Wednesday, 17 June 2015

Secret Cinema, Adam Curtis and gut punches - Reviews #209

I'm planning something separate about my overriding preoccupations - D. W. Griffith and Lillian Gish - but here's everything else I've been enjoying/not really enjoying of late...


Bitter Lake (Adam Curtis, 2015) - The latest film from Power of Nightmares director Adam Curtis, available solely on iPlayer, is an astounding piece of work.

His thesis is that we are unable to truly engage with or understand contemporary affairs because of the simplistic stories to which we have become addicted. To make this point, he considers the case of Afghanistan, creating a sprawling mosaic that alternates utterly fascinating, eye-opening polemicising with thousands of feet of extraordinary, raw, unbroadcast footage − poetic, surreal, chilling, heartbreaking and enraging − shot by BBC News crews over the past 15 years.

Oddly, Curtis doesn't actually succeed in constructing a convincing case around what turns out to be a rather nebulous, ironically simplistic theory, while the idea that most of us stand for nothing, compared to the Mujahedeen, is frankly madness. But the story he weaves, of the seeds for our economic and ultimately ideological destruction being unwittingly sown by Roosevelt (hands down my favourite president) when he met Saudi Arabia's Kind Saud on Seattle's Bitter Lake in February 1945, is quite, quite brilliant. And while at first many of the clips seem to be going on a bit, Curtis's unique approach ultimately gives the movie a haunting, cumulative power that lingers on long after the credits have rolled.

It's an imperfect but essential film. (3.5)


An Inconvenient Truth (Davis Guggenheim, 2006) - Despite being a slightly annoying, militant eco type (I didn't fly between 2005 and 2013, I don’t drive for the same reason), I'd never gotten around to Al Gore's Morally Righteous PowerPoint Presentation, as this film should obviously be called.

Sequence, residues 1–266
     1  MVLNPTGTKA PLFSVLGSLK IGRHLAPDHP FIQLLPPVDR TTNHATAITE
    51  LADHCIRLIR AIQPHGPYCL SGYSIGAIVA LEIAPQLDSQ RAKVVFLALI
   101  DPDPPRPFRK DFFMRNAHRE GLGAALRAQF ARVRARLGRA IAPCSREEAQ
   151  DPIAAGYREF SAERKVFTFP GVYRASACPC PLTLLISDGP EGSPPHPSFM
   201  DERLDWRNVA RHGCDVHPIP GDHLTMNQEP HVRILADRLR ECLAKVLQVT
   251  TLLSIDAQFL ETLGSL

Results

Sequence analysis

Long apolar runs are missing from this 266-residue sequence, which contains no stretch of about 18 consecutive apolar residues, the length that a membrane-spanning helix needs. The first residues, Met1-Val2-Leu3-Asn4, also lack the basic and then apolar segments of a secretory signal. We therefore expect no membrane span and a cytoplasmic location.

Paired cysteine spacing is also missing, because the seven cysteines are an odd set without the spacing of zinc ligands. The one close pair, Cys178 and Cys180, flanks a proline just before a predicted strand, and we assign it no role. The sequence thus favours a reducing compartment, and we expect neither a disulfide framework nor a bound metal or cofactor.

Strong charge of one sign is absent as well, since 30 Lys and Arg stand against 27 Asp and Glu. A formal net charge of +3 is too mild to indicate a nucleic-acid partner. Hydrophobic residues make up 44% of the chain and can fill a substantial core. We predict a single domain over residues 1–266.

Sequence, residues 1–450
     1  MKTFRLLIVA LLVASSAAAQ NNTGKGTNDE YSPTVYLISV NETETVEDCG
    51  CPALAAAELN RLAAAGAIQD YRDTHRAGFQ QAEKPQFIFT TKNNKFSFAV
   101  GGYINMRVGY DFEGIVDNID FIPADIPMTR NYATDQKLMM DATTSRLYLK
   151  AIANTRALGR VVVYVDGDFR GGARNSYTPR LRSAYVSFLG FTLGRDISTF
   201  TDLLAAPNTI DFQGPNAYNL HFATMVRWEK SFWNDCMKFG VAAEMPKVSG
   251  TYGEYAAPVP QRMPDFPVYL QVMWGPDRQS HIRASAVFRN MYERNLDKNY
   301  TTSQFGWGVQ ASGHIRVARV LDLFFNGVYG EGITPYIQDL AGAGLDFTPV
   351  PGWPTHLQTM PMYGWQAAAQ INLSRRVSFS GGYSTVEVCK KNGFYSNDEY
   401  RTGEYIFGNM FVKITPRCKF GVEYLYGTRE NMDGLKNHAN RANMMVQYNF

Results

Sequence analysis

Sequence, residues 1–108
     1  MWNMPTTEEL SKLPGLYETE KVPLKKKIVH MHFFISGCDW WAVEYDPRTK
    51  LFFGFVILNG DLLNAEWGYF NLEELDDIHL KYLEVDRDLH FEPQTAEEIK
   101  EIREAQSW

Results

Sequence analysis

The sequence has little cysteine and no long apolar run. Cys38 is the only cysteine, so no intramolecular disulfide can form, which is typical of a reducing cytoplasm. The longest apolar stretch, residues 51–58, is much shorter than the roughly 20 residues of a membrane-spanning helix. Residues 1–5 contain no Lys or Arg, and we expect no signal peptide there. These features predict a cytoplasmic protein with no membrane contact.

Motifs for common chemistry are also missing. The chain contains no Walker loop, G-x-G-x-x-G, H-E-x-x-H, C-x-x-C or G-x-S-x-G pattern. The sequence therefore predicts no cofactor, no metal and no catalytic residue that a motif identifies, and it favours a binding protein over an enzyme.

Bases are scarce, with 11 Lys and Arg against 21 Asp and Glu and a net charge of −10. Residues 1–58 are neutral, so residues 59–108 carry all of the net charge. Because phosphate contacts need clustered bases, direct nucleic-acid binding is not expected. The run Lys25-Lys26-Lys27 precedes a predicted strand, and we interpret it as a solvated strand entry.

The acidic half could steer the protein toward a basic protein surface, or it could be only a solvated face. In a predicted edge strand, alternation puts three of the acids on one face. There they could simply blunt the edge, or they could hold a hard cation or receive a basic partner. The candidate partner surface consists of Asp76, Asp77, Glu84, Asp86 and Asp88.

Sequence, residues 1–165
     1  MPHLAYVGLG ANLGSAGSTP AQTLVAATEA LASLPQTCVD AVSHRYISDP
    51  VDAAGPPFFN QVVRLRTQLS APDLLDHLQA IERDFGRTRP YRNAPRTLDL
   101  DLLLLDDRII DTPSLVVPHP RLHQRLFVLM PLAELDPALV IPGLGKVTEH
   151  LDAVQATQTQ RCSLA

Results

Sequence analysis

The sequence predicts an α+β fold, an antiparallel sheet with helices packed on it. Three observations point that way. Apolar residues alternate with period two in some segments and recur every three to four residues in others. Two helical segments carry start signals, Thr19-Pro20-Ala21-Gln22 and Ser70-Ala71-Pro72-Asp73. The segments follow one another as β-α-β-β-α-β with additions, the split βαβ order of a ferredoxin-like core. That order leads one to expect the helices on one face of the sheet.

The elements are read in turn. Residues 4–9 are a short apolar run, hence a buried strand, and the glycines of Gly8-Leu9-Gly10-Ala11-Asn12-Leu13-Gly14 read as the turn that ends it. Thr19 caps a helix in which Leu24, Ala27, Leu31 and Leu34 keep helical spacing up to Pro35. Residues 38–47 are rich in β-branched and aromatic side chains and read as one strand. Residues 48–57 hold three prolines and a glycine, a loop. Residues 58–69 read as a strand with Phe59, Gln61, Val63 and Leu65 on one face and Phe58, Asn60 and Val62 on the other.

His sincere, twinkly-eyed hectoring, which includes wiping his mouth whenever he makes a joke, is mostly extremely effective and informative, ticking all the boxes from the Confident Presenter course I once went on with work, and making a passionate, inspiring case for saving the planet. Though admittedly, putting axes on several of these graphs might be helpful if we're going to finally see off all the selfish, blinkered wankers, sorry, 'climate change sceptics'.

The problem with An Inconvenient Truth, and there really is a true, inconvenient problem, is that it breaks off regularly for folksy, glossily-shot segments about Al Gore's life, which are occasionally illuminating (his college professor was the first person to measure the amount of CO2 in the air, for instance) but mostly self-aggrandising and completely irrelevant. There is also a quite staggering amount of PowerPointPorn, as Al smoulders in close-up, dragging pictures from one window to another, as if the other main crisis threatening to engulf us is shoddily assembled slideshows.

The rest of it's good, though, and I was glad to see in the credits that it's a carbon neutral production, as Al seemed to be flying around the world telling people to stop flying around the world. Next I expected him to start stoking a bonfire while shouting: "This is really irresponsible!" (3)


Children of Men (Alfonso CuarĂ³n, 2006) - An above-average dystopian flick set in an apocalyptic England, the last outpost on an Earth battered by untold calamity, including an infertility epidemic. Clive Owen is the bereaved activist who’s dragged into radical politics again by his ex-wife (Julianne Moore) and ends up as the protector of a mysterious young woman on the run (Claire-Hope Ashitey).